How Hebrew Fiction Learned to Talk

July 8, 2020 | Alan Mintz
About the author: Alan Mintz is the Chana Kekst professor of Hebrew literature at the Jewish Theological Seminary. His Ancestral Tales: Reading the Buczacz Stories of S.Y. Agnon will be published by Stanford in June. The present essay, in somewhat different form, will appear in What We Talk About When We Talk About Hebrew, edited by Naomi B. Sokoloff and Nancy E. Berg (forthcoming from University of Washington Press).

With the birth of modern Hebrew literature in the 19th century, writers had little to draw upon when composing dialogue in a language that had not been used for everyday speech in nearly two millennia. The late Alan Mintz sums up the problem in a posthumously published essay:

Even once the main producers and institutions of Hebrew literature had been transferred to Palestine by the mid-1920s and Hebrew had become the official medium of the yishuv, the number of people speaking it on a day-to-day basis in their private lives was quite small. At home, most people spoke Yiddish or Russian or Polish, because being “at home” in Hebrew remained an unnatural thing. No greater proponent of the Hebrew renaissance than Ḥayyim Naḥman Bialik famously quipped: Hebreyish redt men; yidish redt zikh (“One speaks Hebrew; Yiddish speaks itself”). The real naturalization of Hebrew began with the children born to these immigrants, especially those who grew up in agricultural settlements and youth movements.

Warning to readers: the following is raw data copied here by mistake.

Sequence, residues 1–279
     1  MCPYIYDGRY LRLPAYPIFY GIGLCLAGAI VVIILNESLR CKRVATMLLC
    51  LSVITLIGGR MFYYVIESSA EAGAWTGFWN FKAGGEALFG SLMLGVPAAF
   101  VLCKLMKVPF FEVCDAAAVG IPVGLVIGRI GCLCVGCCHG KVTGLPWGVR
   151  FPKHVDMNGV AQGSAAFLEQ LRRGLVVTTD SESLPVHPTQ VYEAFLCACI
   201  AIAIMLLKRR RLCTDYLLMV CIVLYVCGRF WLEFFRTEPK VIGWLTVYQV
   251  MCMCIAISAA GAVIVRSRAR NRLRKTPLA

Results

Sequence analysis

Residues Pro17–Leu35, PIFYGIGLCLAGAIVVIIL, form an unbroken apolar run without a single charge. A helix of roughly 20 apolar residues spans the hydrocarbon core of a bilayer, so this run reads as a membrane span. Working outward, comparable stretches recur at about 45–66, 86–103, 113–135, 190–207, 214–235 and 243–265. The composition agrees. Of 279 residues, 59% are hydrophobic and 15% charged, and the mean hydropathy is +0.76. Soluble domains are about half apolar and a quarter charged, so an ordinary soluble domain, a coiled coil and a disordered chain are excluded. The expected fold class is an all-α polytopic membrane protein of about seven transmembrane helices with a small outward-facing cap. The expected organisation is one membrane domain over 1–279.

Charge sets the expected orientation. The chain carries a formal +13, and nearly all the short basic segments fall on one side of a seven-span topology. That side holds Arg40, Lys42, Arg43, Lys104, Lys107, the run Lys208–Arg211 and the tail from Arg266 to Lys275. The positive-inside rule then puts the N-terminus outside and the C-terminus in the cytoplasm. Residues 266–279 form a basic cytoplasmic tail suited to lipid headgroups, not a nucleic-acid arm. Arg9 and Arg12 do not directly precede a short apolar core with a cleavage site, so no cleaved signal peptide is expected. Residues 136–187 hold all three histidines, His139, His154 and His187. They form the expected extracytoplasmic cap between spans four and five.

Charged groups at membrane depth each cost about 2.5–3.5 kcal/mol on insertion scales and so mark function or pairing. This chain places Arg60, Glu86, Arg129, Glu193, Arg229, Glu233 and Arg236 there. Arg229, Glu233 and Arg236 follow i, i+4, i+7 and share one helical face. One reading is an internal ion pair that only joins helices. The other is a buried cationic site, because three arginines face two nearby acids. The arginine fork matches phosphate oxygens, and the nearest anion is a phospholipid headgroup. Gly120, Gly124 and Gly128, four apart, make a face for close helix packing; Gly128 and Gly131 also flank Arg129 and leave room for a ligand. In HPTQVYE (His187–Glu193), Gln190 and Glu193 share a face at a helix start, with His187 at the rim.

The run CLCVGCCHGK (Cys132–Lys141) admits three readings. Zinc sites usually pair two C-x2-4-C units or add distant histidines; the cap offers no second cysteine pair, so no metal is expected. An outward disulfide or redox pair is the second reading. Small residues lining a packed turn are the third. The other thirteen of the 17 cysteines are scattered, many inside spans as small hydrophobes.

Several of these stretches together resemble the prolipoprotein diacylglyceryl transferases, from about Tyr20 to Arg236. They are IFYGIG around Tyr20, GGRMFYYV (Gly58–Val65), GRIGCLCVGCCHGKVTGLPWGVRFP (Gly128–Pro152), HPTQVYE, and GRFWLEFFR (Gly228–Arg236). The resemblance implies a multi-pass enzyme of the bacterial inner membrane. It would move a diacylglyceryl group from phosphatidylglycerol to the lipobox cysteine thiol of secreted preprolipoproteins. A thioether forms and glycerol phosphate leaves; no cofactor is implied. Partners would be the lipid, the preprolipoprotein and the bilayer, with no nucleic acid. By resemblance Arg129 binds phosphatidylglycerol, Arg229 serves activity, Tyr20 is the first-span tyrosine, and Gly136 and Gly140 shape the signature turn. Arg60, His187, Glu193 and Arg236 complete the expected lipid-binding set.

Surveying attempts to create lifelike dialogue in this ancient language, Mintz looks to the writings of S.Y. Abramovitsh, better known by his pen name Mendele Moykher Sforim. Abramovitsh made his reputation writing in Yiddish, but authored many Hebrew stories as well. In these, he—like many other writers—put Hebrew into the mouths of shtetl characters who, in real life, would have spoken Yiddish:

Abramovitsh’s approach to rendering a Yiddish conversation in Hebrew might be called preemptive compensation. He seems intuitively to understand that it makes no sense to try to imitate the timbre, syntax, and intonation of Yiddish speech. . . . Instead of a wan simulacrum, Abramovitsh chooses a different mode altogether: rabbinic Hebrew. In a departure from his [Haskalah] predecessors and from his own early practice, he abandons biblical Hebrew and shifts into [the] distinct syntax and semantics [of the Hebrew portions of the Talmud].

And yet. Abramovitsh’s switching out Yiddish for rabbinic Hebrew implies a provocative possibility. Is there perhaps some deeper link between these two languages, if for the moment we consider rabbinic Hebrew as a language separate from biblical Hebrew? We think of as fundamental to Yiddish speech that a sentence has the tonality and shape of a question. But is it not possible that the provenance of this phenomenon is in truth the give-and-take of talmudic argument? If Yiddish is indeed drinking deeply from that well, then what Abramovitsh is doing is not translating so much as using as an equivalent language system, one that provided the original source for some of Yiddish’s essential features.

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